It’s interesting to think about the Regency idea of consent versus our modern one, given that Bridgerton is so explicitly about seeing that period through a modern lens.
For sure, and one of the things we really specifically focused on was portraying the power balance. For example, leading up to it, it’s Daphne who is leading the moment of intimacy up to the intercourse. We were very clear that there needed to be a show of power, so it’s Daphne who takes her own hair out of the braids, and it’s Daphne who pushes him away so he can see her. She is leading it in a way that perhaps she hasn’t done before, and she’s making choices leading up to that scene, so that we can clearly see the shift of power.
These actors know these characters inside out. They’re living in the world that Julia Quinn has created. It’s so important that they have the agency to make some of these decisions; Phoebe (Dynevor, who plays Daphne) wanted to remove her hair from the braids herself, because it’s an empowering moment and so much is tied up in women’s hair at that time. That’s a very definitive moment that isn’t necessarily rooted in the sexual act, but it is paving the way for it.
There’s intimacy on the show other than the scenes between the lead two characters. Did you have any favorite scenes outside of Simon and Daphne?
The Anthony and Siena story line is really exciting. It was so much fun to film — they had such great chemistry. There were moments where there’s such joy in the room with those scenes. Everything is so nuanced, it’s forbidden or at least it’s looked down on, so everything was done in secret. That was one of the fun things working on that story line; they’re having intercourse at her opera quarters and under the boxing-ring seating. Their story line was really exciting because there’s such clear chemistry between them.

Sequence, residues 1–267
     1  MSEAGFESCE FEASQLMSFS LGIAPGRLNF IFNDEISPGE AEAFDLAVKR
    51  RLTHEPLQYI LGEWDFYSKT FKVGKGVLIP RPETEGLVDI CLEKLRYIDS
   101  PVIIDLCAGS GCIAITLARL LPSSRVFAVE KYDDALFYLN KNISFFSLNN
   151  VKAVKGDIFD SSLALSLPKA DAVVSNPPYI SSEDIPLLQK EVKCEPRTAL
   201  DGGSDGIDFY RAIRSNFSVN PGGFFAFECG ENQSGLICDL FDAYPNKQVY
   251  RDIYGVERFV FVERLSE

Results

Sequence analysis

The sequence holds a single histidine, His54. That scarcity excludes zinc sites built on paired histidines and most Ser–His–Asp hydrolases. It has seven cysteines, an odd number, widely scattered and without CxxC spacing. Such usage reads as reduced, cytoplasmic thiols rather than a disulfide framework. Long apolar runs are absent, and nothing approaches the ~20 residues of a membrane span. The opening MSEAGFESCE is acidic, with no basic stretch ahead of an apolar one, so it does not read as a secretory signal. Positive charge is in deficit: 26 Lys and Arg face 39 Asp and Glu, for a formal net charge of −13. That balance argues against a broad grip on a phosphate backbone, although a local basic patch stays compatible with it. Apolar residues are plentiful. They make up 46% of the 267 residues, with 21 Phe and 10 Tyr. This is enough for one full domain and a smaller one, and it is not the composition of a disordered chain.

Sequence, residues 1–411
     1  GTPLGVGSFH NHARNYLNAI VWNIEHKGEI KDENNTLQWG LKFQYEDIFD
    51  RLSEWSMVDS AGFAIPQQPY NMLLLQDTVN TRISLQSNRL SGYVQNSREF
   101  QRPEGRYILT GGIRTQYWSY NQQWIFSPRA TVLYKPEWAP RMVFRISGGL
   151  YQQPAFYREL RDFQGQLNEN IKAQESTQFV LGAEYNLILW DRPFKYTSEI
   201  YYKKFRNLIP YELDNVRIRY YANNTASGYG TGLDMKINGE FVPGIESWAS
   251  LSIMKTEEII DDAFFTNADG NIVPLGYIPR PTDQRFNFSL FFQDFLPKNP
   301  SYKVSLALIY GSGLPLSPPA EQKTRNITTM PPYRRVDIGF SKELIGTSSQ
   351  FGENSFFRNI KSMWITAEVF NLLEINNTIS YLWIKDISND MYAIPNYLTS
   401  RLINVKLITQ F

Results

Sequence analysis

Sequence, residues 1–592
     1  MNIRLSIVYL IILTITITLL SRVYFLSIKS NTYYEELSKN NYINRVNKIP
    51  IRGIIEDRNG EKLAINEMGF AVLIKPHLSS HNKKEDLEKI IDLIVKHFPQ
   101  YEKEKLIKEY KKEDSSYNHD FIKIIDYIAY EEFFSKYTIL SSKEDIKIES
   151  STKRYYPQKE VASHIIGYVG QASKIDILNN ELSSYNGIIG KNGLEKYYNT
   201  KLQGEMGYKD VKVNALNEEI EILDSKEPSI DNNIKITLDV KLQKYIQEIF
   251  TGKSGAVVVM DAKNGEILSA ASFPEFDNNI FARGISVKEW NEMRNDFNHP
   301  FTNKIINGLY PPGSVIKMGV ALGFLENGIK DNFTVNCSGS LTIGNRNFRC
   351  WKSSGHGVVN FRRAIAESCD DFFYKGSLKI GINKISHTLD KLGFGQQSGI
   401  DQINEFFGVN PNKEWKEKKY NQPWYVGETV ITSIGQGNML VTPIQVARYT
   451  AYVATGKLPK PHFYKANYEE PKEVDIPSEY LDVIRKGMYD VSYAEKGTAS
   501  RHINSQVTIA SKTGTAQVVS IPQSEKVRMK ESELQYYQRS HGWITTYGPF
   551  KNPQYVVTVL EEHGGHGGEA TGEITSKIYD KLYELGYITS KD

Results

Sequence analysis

What do people assume they know about your job that they don’t actually understand?
There’s a bit of a misconception as to how much control we have over narrative. I think that because our role suggests intimacy coordinator that we’re involved in the writers’ room, but we’re very much not. We’re involved in preproduction, for sure, and in terms of lots of meetings before that, lots of rehearsals. Which, I have to say, Bridgerton was so incredible about giving us time to rehearse, which is absolutely key. There’s a misconception that we’re from the adult-entertainment industry as well. There’s a big [difference] there, between the actual act of sexual intercourse versus the simulation of sexual intercourse.
How did you get into intimacy coordination?
It had always been floating around in my brain, from when I was 18 in theater roles. I came in through stage combat and the fight side of the industry. It is full of techniques and safety protocols, and rules and established ways of doing things. It’s very regimented, and what’s so interesting is that intimacy is not. I really saw that, especially when working with scenes of domestic violence. The violence was handled brilliantly, but there was something not quite right about the intimacy. That brought it into a stark contrast for me.
The regimented aspect of the stage combat world didn’t add up with what I saw onstage and screen in terms of intimacy. I started researching it in about 2015, I started having a look at what we could do about it, how we could change it. People hire stunt coordinators and fight directors because they understand that even if we might experience some aspect of violence in our personal lives, that doesn’t mean we can automatically direct it, with no training and technical aspects. There’s been a confusion for a long time that because lots of us might experience intimacy in our personal lives, that then it’s easy to re-create it for an audience. And that’s not always the case.
What’s something people assume they know about intimacy onscreen that tends to be forgotten?
It’s all the in between moments that we don’t always see onscreen. What’s lovely about working in a Regency-esque world is that we see all those hand touches. It’s a world of restraint and rules, but you get the slight touch of a hand, and even taking someone’s arm is so heightened. And sex can be so silly! It’s often portrayed so formally, when the actual act can be quite silly and fun, and I think we can see glimpses of that throughout Bridgerton.